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WKU Public Radio is part of a new regional journalism collaborative known as the Ohio Valley ReSource. It's made up of public media stations across Kentucky, Ohio and West Virginia. The collaborative will focus on the changing economy in the region and its effect on jobs, healthcare and infrastructure. Each station taking part in the Ohio Valley ReSource is hiring a reporter to contribute to the effort. WKU Public Radio's reporter is Alana Watson, who will be based in the Bowling Green newsroom. The Ohio Valley ReSource is made possible by member stations and through a grant from the Corporation For Public Broadcasting.

As Ohio Valley States Relax Guidelines, Dine-In Service at Restaurants Restarts

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Sydney Boles / Ohio Valley ReSource
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Indoor dining at restaurants across the Ohio Valley is “reopening” under new guidelines. Kentucky, and West Virginia are requiring these businesses to at least temporarily reduce maximum occupancy, among other social distancing recommendations.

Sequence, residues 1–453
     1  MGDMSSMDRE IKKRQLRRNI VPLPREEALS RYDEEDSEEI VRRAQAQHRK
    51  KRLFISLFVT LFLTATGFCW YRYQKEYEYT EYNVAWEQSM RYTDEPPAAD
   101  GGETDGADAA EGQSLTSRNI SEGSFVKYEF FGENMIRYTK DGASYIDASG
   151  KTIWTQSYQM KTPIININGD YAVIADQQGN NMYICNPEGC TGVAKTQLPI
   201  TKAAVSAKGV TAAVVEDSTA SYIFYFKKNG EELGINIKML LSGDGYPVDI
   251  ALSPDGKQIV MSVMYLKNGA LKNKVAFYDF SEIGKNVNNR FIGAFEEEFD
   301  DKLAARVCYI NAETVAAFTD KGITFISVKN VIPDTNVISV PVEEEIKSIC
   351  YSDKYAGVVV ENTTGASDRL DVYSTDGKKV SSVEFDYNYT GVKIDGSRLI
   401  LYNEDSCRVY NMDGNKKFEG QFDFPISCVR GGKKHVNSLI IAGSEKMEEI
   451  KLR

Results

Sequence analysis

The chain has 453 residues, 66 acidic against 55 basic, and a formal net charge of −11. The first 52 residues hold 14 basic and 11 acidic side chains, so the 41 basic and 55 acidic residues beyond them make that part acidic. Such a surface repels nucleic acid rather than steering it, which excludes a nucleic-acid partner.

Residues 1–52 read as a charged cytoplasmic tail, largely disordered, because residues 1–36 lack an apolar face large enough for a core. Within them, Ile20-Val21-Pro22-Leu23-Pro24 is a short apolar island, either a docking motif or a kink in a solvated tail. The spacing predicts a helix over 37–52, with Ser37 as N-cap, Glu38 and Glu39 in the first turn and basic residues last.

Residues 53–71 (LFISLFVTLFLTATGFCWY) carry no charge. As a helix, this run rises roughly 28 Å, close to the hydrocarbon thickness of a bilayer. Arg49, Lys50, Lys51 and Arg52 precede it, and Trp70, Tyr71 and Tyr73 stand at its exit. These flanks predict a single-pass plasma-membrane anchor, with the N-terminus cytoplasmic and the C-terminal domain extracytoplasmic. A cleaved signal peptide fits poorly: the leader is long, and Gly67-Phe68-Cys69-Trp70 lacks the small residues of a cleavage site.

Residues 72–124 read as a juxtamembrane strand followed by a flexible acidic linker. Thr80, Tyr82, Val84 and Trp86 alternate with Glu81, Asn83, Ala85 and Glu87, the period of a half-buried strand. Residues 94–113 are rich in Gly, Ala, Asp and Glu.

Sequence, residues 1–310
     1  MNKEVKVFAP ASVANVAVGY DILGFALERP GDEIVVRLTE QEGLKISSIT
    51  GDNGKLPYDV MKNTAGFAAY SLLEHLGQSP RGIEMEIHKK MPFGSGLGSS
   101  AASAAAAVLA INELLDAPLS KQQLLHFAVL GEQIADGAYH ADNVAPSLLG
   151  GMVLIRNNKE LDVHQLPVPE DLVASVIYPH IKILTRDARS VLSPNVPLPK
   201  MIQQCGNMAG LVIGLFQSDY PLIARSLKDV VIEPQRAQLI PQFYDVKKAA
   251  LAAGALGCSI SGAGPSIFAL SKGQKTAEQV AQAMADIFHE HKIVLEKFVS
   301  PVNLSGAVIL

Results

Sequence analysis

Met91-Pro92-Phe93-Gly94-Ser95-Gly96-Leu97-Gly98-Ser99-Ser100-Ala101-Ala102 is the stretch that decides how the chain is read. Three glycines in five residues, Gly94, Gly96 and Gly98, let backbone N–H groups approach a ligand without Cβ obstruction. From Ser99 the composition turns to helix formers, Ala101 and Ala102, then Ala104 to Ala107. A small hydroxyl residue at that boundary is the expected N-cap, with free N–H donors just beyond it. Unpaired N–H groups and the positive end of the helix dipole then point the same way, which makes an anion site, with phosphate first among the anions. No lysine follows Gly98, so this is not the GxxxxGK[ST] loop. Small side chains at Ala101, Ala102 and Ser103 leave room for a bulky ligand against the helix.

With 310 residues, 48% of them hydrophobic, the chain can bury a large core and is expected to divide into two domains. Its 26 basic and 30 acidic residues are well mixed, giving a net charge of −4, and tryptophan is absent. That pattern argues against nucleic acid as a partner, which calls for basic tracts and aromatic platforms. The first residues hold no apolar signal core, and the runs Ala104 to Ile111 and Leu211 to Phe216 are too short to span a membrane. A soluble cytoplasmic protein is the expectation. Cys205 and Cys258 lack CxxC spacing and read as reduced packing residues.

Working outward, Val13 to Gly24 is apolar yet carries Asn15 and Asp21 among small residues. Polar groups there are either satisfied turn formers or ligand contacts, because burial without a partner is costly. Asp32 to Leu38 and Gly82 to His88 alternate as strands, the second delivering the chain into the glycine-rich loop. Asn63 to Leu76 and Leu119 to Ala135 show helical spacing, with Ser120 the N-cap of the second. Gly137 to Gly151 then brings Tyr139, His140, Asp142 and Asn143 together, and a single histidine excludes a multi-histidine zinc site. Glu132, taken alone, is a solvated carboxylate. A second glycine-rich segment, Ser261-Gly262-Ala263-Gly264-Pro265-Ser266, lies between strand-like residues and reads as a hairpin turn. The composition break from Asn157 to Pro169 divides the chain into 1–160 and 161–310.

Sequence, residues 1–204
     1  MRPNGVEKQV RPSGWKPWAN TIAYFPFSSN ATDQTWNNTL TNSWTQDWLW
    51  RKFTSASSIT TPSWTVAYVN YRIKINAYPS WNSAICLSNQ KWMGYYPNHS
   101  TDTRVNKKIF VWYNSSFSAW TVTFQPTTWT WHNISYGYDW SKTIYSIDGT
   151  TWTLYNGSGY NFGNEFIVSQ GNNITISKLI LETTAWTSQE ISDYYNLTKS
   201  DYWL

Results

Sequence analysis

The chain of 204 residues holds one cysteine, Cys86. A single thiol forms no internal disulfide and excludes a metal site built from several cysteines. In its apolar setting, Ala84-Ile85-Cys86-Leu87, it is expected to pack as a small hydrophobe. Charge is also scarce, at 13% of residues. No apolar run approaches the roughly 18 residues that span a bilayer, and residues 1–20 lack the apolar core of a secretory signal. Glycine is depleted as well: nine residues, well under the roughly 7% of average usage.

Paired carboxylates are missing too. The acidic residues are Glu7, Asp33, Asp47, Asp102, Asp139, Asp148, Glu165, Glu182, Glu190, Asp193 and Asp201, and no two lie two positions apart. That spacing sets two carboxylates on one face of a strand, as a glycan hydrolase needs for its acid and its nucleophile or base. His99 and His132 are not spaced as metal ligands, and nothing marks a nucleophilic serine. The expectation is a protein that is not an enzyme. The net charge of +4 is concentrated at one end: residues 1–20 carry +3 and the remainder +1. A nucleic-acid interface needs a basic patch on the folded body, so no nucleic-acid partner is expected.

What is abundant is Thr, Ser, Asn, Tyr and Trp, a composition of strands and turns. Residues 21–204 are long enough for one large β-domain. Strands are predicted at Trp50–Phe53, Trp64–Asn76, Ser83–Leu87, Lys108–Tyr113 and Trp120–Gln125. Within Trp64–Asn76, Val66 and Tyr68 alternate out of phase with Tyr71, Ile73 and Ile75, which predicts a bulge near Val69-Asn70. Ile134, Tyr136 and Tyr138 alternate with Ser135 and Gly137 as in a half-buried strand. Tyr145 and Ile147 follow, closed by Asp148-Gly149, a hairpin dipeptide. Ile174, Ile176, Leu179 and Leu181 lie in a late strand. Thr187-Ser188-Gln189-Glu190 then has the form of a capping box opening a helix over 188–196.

Kentucky Governor Andy Beshear has set out the most stringent requirements and suggestions for food service of the three states. Restaurants in Kentucky cannot exceed 33 percent of their maximum occupancy. Additionally,  Beshear has suggested that people not living in the same household should not be permitted to sit at the same table.

Kentucky Restaurant Association President Stacy Roof said requiring reduced capacity is a challenge, and places with outdoor seating will have an easier time than those without it. 

“Restaurants are successful in volume,” she said. “They’re typically making less than five cents on a dollar, so turning those tables is key to earning money.”

Roof said some restaurants will likely wait to reopen until they’re allowed to fill more tables and serve more customers. 

Abby Cobb, a shift manager at Lost River Pizza in Bowling Green, Ky., said while she hopes people will follow social distancing guidelines and do their part to keep everyone healthy and safe, she has some concerns. 

“I’m just afraid that some people may still come in that have been exposed to the virus, but I mean that’s normal to be just afraid and a little nervous about it,” she said.   

Cobb said she thinks the restaurant has had enough time to prepare for the new requirements. 

West Virginia is reducing in-person dining to 50 percent of a building’s maximum occupancy. Ohio doesn’t have any capacity restrictions, but is limiting parties to ten people or less.

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